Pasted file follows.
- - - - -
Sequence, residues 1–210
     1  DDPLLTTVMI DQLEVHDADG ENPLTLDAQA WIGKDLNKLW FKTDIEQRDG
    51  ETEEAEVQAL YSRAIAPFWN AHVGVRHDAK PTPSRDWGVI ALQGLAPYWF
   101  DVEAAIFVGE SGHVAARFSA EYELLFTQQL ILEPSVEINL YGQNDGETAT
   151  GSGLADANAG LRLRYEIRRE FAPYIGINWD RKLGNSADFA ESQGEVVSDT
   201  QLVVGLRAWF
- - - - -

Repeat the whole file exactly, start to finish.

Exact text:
Sequence, residues 1–210
     1  DDPLLTTVMI DQLEVHDADG ENPLTLDAQA WIGKDLNKLW FKTDIEQRDG
    51  ETEEAEVQAL YSRAIAPFWN AHVGVRHDAK PTPSRDWGVI ALQGLAPYWF
   101  DVEAAIFVGE SGHVAARFSA EYELLFTQQL ILEPSVEINL YGQNDGETAT
   151  GSGLADANAG LRLRYEIRRE FAPYIGINWD RKLGNSADFA ESQGEVVSDT
   201  QLVVGLRAWF